7. Same situation here, approaching 1gb in offline notebooks and phone space is running out, 32gb card empty. Ridiculous considering how trivial this feature is to implement on Android http://developer.android.com/guide/topics/data/data-storage.html#filesExternal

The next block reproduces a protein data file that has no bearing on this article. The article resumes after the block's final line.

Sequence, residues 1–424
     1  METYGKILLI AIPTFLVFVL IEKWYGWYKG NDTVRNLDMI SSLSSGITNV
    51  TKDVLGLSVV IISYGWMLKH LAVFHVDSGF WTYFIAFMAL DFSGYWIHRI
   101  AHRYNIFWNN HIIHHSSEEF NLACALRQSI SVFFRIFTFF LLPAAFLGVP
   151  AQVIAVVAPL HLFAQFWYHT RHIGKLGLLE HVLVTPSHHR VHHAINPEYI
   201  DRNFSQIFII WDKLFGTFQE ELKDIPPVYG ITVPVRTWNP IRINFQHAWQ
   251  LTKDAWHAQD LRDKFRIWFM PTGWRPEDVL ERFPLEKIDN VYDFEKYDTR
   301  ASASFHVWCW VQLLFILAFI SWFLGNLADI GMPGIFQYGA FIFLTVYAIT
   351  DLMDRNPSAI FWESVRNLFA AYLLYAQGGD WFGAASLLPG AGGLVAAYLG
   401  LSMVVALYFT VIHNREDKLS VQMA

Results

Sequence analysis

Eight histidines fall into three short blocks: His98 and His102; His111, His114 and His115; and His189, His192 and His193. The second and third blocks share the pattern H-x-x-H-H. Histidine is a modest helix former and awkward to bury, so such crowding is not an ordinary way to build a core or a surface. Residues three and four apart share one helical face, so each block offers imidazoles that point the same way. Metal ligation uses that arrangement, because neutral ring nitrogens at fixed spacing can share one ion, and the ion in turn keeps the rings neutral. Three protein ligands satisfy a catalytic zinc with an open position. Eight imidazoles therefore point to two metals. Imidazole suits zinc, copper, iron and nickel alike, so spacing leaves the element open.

8. did a bit more digging last night.. This blog post in Jan 2014 (evernote-the-bug-ridden-elephant) was picked up by Hacker News (very popular news site for tech people) which resulted in Phil Libin (Evernote CEO) posting a reply post on-software-quality in which he states a big goal for the year of focusing on stability and the core product yada ya. The general consensus was the following sort of things: - Customer support is terrible - Lack of transparency with product development (roadmap, bugs, bugs fixed, etc) - Inconsistent UI across apps, unstable/buggy etc - Sync is still buggy (slow to sync, data loss, etc) - General feeling of new features at the expense of stability My favorite comments are: Talking about New Features: Skitch http://brickybox.com/2013/07/17/scrup-a-better-skitch-replacement https://discussion.evernote.com/topic/80780-is-skitch-dead-layoffs-in-austin/ Scannable Anyway, back to the core technology side of things http://mashable.com/2013/08/27/evernote-scaling/ These core (very senior, very experienced) engineers are still there actually (I stalked some of them on LinkedIn). So yeah, this was basically there strategy, build a syncronization API so that all the platform teams could implement it. The platform teams were then left to run wild and "compete" with each other hence the variation in features/stability etc between clients. One interesting piece of tech one of the senior developers used was the Chromium Embedded Framework (basically Chrome browser inside app) for the note editing on the Windows/Mac clients. This was a good use of cross platform technology. However, unlike what I said in my earlier post, it's simply not very feasible to try and reuse the same code base across various platforms, the technology to do this is still in it's infancy so my earlier post was a bit too simplistic even if it did kind of touch at some of the possible root problems affecting code quality. What I think they should do however is par back the number of supported mobile platforms (now that we know this mobile thing is a two horse race) to just Iphone and Android and maybe a thin (web) client and ensure they are as consistent as possible, and rock solid reliable. On the desktop side they would be probably be better served by building a pure web client (like spotify) that sits inside an application, thereby they would then get down to basically 4 clients (Iphone, Android, Thin Web, Thick Web) which would be much more manageable. However, I think business wise they probably had little choice but to follow the path towards focusing on the Enterprise market given that Microsoft made OneNote free in March last year (Microsoft's OneNote strategy: Battle Evernote, or something bigger?). This reminds me of the browser wars, eg Netscape being crushed due to Microsoft making IE free. So, in conclusion, who knows what the future holds for Evernote.. Enjoy, TiM